You’ll find this quaint lighthouse just beyond the colony of Avalon, which was established in 1621 as a British outpost in Newfoundland and is now a tourist and archaeological destination in its own right.
The Ferryland Lighthouse was built in 1870 to guide sailors along the oft-foggy coast. It contains plaques that tell the stories of some of the shipwrecks that occurred just offshore both, before and after the lighthouse was constructed.
For instance, in 1856, the brigantine Heather got stuck in the ice, and several of its crew abandoned ship for a pan of floating ice. Ten Ferryland villagers risked their own lives to save the men. Another ship, the Torhamvan, transporting macaroni as well as other goods, ran aground in 1926, and local lore claims the shores were “white with macaroni for weeks afterward.”
The last lighthouse keeper left in 1970. Soon after, a Newfoundland artist moved in to live and conduct art classes for the next 10 years. The lighthouse was then abandoned until 2003, when two friends started a picnic business there, restoring the building in 2004. Visitors can now bring their own picnic or buy one at the restaurant that operates in the lighthouse, then walk among the rocks and heather, find the ideal spot, spread out a blanket, and enjoy watching the many whales that congregate in the waters below while having lunch.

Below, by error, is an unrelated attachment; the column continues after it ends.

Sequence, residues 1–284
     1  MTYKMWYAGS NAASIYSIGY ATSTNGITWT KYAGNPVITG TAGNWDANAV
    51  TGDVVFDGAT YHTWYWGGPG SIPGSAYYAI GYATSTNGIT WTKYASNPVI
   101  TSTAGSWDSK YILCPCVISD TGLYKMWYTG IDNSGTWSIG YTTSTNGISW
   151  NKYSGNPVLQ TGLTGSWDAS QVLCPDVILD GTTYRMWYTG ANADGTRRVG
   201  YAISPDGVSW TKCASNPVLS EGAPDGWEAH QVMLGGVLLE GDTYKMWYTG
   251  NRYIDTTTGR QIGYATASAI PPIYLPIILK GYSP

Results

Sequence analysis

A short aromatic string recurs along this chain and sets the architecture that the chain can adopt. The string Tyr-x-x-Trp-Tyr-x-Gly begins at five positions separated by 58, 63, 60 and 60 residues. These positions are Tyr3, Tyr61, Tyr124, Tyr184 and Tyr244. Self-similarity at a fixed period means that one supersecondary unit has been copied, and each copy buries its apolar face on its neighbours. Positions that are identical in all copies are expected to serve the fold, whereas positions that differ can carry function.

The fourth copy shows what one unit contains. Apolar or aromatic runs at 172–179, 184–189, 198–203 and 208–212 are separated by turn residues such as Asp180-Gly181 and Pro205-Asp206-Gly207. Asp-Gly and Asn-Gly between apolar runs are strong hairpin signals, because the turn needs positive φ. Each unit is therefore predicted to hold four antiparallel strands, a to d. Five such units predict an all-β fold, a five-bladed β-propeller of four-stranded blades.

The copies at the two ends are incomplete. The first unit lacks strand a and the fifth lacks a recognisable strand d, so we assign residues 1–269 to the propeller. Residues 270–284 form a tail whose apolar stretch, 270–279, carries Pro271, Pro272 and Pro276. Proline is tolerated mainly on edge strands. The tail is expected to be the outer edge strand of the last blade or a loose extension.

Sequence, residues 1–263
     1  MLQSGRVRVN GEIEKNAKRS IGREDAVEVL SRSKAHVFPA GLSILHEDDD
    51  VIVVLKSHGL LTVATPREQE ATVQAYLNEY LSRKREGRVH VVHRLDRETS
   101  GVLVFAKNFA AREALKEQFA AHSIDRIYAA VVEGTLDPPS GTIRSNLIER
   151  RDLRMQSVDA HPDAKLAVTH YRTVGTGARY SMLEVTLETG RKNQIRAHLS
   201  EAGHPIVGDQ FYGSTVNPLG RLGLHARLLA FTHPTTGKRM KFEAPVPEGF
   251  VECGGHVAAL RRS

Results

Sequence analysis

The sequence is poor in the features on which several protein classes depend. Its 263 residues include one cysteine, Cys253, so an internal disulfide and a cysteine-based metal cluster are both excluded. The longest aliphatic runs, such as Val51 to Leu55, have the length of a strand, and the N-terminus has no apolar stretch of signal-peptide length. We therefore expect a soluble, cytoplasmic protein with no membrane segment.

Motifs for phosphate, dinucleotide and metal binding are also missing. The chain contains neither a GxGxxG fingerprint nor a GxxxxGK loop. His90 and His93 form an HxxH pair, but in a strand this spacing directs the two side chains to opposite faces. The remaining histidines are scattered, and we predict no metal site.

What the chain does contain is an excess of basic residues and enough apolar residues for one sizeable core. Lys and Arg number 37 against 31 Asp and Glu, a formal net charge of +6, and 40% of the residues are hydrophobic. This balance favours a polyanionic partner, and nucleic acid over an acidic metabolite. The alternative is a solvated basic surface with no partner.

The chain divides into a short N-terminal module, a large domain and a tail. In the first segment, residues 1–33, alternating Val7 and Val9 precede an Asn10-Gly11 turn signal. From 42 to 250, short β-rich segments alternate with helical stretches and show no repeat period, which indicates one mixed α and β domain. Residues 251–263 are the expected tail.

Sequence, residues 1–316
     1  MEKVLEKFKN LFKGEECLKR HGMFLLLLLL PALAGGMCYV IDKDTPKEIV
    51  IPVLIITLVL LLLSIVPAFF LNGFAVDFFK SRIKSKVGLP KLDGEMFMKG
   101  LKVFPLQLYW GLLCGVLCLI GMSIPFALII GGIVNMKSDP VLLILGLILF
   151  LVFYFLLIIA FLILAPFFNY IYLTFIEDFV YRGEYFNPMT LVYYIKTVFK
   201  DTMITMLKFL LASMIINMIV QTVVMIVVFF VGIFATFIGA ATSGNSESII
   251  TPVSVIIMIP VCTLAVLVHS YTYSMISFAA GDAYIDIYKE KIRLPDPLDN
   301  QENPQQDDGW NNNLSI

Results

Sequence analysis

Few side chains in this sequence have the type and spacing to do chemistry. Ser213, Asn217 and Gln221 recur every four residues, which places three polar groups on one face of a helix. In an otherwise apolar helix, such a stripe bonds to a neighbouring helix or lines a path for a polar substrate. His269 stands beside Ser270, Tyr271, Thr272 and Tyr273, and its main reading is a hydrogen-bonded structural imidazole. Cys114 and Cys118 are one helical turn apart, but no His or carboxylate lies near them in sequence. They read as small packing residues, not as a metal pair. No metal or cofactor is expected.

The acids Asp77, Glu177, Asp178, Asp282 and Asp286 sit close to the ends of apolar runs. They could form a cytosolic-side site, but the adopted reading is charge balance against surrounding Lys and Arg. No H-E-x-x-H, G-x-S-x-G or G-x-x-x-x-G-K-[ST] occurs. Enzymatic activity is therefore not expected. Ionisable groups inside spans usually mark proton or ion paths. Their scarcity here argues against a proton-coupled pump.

Know Before You Go
Drive as far as you can past the Colony of Avalon on the paved road toward the lighthouse. The road will turn to gravel, and after a few minutes is a parking lot. Visitors then need to walk about 10 to 15 minutes to reach the lighthouse. For a small fee, an ATV service runs for those who don’t want to or cannot walk. Reservations are recommended for the picnics that run out of the lighthouse, or bring your own.